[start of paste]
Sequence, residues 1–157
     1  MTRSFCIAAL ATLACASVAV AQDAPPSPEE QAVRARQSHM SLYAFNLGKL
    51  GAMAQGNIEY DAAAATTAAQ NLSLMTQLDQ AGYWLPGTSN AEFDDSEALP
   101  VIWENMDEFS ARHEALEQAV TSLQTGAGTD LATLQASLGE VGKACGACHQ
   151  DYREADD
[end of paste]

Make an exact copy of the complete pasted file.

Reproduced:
Sequence, residues 1–157
     1  MTRSFCIAAL ATLACASVAV AQDAPPSPEE QAVRARQSHM SLYAFNLGKL
    51  GAMAQGNIEY DAAAATTAAQ NLSLMTQLDQ AGYWLPGTSN AEFDDSEALP
   101  VIWENMDEFS ARHEALEQAV TSLQTGAGTD LATLQASLGE VGKACGACHQ
   151  DYREADD